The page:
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United States v. Thomas

United States District Court, E.D. North Carolina, Eastern Division

October 30, 2019

UNITED STATES OF AMERICA
v.
TRACY MAURICE THOMAS

          ORDER

          W. EARL BRITT, SENIOR U.S. DISTRICT JUDGE

         This matter is before the court on defendant's pro se motions to reduce his sentence under the First Step Act of 2018 (“First Step Act”) and for the appointment of counsel. (DE ## 126, 133, 140.)

         In 2008, pursuant to a plea agreement, defendant pled guilty to one count of possession with intent to distribute a quantity of crack cocaine in violation of 21 U.S.C. § 841(a)(1) (“Count One”); one count of possession with intent to distribute more than five grams of crack cocaine in violation of 21 U.S.C. § 841(a)(1) (“Count Nine”); and two counts of using and carrying a firearm in relation to a drug trafficking crime in violation of 18 U.S.C. § 924(c) (“Counts Two and Ten”). In 2009, the court sentenced defendant to 77 months imprisonment on each of Counts One and Nine, to run concurrently, 60 months imprisonment on Count Two, to be served consecutively to the terms of imprisonment on the other counts, and 300 months imprisonment on Count Ten, to be served consecutively to the terms of imprisonment on the other counts, for a total term of imprisonment of 437 months.

         In 2014, on defendant's motion pursuant to 18 U.S.C. § 3582(c)(2) and based on retroactive amendment of the sentencing guidelines pertaining to crack cocaine offenses, the court reduced defendant's sentences of imprisonment on Counts One and Nine to 60 months, to run concurrently. (DE # 109, at 4.) The court did not alter defendant's sentences of imprisonment on Counts Two and Ten. (Id.) Defendant's total term of imprisonment was therefore reduced to 420 months. (Id. at 4-5.) In December 2016, President Barack Obama commuted defendant's total term of imprisonment to 180 months. (DE # 117, at 2.)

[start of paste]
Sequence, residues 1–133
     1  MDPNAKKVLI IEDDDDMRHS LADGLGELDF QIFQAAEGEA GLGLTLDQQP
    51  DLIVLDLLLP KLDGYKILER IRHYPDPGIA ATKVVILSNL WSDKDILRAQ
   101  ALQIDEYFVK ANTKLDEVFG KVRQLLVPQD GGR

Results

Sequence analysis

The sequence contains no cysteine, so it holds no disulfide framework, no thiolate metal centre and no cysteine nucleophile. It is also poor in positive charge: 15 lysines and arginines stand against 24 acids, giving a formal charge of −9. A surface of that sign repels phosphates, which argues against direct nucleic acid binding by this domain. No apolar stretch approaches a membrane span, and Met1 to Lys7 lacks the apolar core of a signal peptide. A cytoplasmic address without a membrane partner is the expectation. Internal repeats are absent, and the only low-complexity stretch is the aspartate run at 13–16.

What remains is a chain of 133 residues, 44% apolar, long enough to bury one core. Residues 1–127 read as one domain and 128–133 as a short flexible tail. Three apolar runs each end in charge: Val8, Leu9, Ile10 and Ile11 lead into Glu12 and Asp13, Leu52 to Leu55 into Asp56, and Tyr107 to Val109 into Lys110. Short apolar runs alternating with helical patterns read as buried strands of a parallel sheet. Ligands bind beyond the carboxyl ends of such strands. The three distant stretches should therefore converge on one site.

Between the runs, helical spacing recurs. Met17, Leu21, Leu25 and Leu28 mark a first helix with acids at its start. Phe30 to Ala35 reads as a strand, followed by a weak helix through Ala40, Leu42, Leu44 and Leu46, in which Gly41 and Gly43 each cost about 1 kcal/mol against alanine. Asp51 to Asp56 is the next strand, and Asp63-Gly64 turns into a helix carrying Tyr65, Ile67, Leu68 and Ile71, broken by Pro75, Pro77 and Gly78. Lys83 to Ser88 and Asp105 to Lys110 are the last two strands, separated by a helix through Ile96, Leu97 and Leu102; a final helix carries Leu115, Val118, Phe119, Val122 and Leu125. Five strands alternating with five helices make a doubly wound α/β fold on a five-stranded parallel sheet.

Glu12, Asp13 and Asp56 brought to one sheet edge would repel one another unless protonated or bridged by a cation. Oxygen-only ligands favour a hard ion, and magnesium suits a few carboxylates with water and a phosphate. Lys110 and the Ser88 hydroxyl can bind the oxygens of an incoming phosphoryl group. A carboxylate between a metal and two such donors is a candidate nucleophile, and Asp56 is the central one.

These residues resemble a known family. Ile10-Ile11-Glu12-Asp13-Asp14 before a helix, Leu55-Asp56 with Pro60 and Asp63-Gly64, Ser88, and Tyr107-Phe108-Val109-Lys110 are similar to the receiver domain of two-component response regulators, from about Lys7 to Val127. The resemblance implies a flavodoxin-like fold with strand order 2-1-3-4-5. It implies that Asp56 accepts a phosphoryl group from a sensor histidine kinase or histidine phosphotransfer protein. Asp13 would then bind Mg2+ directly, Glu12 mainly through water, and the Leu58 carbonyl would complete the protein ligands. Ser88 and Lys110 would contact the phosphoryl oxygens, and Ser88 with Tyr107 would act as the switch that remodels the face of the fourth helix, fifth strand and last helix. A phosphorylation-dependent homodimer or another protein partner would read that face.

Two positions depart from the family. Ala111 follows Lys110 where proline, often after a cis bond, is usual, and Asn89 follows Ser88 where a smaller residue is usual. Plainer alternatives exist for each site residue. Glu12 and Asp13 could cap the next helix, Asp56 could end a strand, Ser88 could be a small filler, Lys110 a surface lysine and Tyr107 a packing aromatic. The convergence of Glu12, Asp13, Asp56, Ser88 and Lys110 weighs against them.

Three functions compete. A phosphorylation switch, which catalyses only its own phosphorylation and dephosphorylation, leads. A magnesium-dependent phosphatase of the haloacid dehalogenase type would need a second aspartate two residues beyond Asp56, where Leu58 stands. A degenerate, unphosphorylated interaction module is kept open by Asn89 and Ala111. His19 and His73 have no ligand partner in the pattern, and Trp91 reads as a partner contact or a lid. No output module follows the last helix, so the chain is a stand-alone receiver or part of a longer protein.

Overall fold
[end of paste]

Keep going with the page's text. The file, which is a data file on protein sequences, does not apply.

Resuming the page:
Several months ago, pursuant to Standing Order 19-SO-3, counsel was appointed to represent defendant to determine whether he may qualify for relief pursuant to the First Step Act. With court approval, counsel withdrew from representation. (8/16/19 Text Order.) Now, defendant, proceeding pro se, requests that the court reduce his total term of imprisonment to time served (which is approximately 144 months) “and leave his term of supervised release unaltered.” (Supp. Mot., DE # 140, at 1.)

         Under 18 U.S.C. § 3582(c)(1)(B), a “court may modify an imposed term of imprisonment to the extent otherwise expressly permitted by statute.” The First Step Act is such a statute. See United States v. Hardnett, No. 3:03CR212, 2019 WL 5445887, at *7 (E.D. Va. Oct. 24, 2019) (“§ 3582(c)(1)(B) informs the Court regarding how to modify a sentence pursuant to the First Step Act.”). The Act made Sections 2 and 3 of the Fair Sentencing Act of 2010 (“Fair Sentencing Act”) retroactive. See Pub. L. No. 115-391, § 404, 132 Stat. 5194, 5222 (2018). Those sections of the Fair Sentencing Act increased the threshold amounts of crack cocaine to trigger mandatory minimum terms of imprisonment for trafficking crack cocaine and eliminated the five-year mandatory minimum term of imprisonment for simple possession of crack cocaine. See Pub. L. No. 111-220, §§ 2, 3, 124 Stat. 2372 (2010). “A court that imposed a sentence for a covered offense may . . . impose a reduced sentence as if [these] sections . . . were in effect at the time the covered offense was committed.” Pub. L. No. 115-391, § 404(b), 132 Stat. at 5222.